They can also have a negative culture impact if used in the wrong way, sometimes people can use their title to boss or lord over others, but my advice on this is that it’s not a problem with the title, it’s a problem with the person, and this is toxic behavior, if they can’t fix it, show them the door.

Titles are also used implicitly to set the expectations of others. When people work on a team with someone of a higher title than them, they should hopefully be inspired to be a better engineer, and in turn help drive their own career progression.

Usually titles come with a defined list of Qualities that can be quiet subjective and high level, like “Practices the Latest in CI/CD Technology”, while useful as a guide, these aren’t very actionable or objective that you can give to an Engineer to do.

Many Managers I talk to about career progression tend to look at goal setting as a method for Engineer to prove themselves, I like goal setting and I do it a lot, but when it comes to career progression I think it’s a bit flawed and I’ll explain why.

Some examples people used with me for goals for Engineers were:

  • Do a blog post
  • Lead a project to completion
  • Do a tech talk

Goals like this are fine, but if used for career progression you can effectively create a checklist list for a promotion, and after the Engineer has done X,Y,Z on the list we promote him, this doesn’t mean after being promoted they will continue to do this. If we take the example of an Engineer who is set the above three goals, does them in a Quarter or two, gets promoted to senior engineer, then goes back to doing the same thing he did before. He’s not likely to inspire those around him who are doing the same job now, but don’t have the title. In fact, it may even have a negative impact on the team.

And when you are asked by someone “why is he senior?” is your response of “He did a design review and a tech talk 2 years ago” going to be a good answer?

So when are goals ok?

Goals I believe are good for short term, they are good to push someone out of their comfort zone to give them a taste of something, or to defeat fear. A bit like young children and swimming; children are usually worried about getting wet and will cry and complain, but once you finally get them in the water it’s hard to get them out. Goal setting is good for pushing people out of their comfort zones, and also for giving people a taste of something new that they other wise would never have tried, perhaps in the example of cross training, or opening conversation of new career paths, is my opinion.

But back to career progression

If we want people to be doing the above things, they should be self-motivated to do them not doing them because they are led by the promotion carrot stick. So what we are after more, is a change on mindset as opposed to a “To Do” list, so that it becomes are part of their day-to-day thinking.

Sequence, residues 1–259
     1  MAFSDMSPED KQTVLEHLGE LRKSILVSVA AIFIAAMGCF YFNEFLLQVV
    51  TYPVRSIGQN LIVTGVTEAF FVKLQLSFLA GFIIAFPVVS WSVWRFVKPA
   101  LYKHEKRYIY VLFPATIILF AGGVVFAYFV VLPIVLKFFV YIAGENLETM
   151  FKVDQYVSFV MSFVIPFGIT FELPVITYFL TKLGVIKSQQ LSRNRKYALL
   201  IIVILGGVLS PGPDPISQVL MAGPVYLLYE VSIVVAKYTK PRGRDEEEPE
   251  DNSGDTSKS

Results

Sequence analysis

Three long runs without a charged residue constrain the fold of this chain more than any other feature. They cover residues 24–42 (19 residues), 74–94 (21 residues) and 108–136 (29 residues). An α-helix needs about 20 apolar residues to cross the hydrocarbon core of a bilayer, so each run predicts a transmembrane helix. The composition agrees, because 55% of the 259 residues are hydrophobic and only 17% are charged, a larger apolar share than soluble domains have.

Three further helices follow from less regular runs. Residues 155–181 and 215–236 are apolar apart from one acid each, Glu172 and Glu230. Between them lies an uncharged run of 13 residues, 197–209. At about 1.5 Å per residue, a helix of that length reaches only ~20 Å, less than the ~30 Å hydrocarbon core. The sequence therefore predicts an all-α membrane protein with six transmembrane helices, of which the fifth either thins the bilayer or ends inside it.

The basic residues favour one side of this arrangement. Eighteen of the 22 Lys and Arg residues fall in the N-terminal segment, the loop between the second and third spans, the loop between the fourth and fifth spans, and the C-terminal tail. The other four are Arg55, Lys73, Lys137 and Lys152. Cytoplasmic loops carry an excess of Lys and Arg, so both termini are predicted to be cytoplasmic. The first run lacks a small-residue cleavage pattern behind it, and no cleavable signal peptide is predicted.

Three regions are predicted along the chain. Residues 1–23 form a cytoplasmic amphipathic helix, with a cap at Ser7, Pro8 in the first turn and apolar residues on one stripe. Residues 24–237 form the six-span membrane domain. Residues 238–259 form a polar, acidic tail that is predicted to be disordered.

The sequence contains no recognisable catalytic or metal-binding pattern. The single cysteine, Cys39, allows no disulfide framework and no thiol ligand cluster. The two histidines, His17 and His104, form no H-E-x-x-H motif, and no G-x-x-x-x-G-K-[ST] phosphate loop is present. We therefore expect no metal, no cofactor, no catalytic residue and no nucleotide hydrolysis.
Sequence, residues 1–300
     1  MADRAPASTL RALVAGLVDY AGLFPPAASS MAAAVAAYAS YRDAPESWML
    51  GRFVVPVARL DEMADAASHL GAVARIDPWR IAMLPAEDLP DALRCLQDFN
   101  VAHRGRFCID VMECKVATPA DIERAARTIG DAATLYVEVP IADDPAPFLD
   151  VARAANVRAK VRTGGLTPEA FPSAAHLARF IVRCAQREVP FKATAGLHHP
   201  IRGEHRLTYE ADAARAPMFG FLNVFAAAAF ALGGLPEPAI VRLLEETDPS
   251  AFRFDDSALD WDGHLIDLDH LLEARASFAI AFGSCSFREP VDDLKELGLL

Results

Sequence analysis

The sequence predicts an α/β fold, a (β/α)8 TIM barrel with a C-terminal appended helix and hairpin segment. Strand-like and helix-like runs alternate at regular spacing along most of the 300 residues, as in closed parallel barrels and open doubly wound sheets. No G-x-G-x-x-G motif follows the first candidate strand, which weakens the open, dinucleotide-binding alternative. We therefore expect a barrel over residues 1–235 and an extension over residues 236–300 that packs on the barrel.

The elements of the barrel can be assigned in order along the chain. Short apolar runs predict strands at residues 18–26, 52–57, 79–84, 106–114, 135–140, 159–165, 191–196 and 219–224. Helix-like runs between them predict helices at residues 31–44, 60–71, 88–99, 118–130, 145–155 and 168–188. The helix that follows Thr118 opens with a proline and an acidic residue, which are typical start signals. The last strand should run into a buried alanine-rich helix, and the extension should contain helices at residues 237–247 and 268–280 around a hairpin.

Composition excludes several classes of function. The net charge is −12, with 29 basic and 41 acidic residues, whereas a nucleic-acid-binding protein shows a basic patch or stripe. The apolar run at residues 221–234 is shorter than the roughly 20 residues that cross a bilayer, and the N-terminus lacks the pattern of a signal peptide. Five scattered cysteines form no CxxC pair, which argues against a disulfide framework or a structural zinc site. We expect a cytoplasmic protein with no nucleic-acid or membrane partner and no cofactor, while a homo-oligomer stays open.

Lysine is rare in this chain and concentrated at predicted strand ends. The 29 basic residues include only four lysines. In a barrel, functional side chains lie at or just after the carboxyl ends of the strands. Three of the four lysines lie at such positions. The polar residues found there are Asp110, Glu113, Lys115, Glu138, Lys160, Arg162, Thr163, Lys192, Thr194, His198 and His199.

How to change or measure people’s mindset?

You can’t measure that I’ve found, but the best proxy I’ve found is the behavior people exhibit. The advantage of using behavior is it is a day-to-day thing. The way people conduct themselves when dealing with others, specific to engineering scenarios, on a day-to-day basis is something you can set goals around, or more so, expectations.

Setting expectations of behavior is something that Ben Horowitz talks about, he wrote a blog a long time ago called “Good PM, Bad PM” applying this to Product Mangers in the 90s and 00s.

If we promote people based on their day-to-day behavior the exhibit, they are likely to continue this behavior as it part of their routine, they are unlikely to degreed their behavior over time, and if more goals are set around improving behavior then they will most likely progress.

Taking the example of the “Inspiration from the Senior Engineer on my team”, if we assume that behavior is consistent over time then the answer to the question about “why is he senior?” becomes easier to answer in that he acts in fashion A,B,C on a day-to-day basis.

I have some example of what I set, to try to explain the method:

  • A Senior Engineer identifies and helps with skill gaps in his immediate area, escalating when they are too much for him to handle. He is the guy that says in a stand up “hey Bob, you haven’t had much experience in system X how about you pick up that task today.” He encourages continuous improvement of the team in the day to day.

The above is an expectation around collaboration and system ownership, this is from my Senior Engineer expectations, you can see how its worded that it’s day-to-day behavior expectation around being a positive influence in the team.

The thing missing from this that’s present in the Horowitz article though is the “Bad PM”. Horowitz remarks on calling out explicit negatives in behavior as well. This is very useful for calling out common bad behavior people pick up within the organization (or in the industry in general) that might be common and help to correct them.